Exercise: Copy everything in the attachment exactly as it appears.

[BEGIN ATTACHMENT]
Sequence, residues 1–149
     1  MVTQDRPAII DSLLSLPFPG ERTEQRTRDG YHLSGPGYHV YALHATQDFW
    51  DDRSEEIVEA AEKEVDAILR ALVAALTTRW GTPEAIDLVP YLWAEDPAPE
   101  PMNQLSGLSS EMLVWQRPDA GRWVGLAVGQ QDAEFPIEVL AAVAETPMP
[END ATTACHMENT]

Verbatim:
Sequence, residues 1–149
     1  MVTQDRPAII DSLLSLPFPG ERTEQRTRDG YHLSGPGYHV YALHATQDFW
    51  DDRSEEIVEA AEKEVDAILR ALVAALTTRW GTPEAIDLVP YLWAEDPAPE
   101  PMNQLSGLSS EMLVWQRPDA GRWVGLAVGQ QDAEFPIEVL AAVAETPMP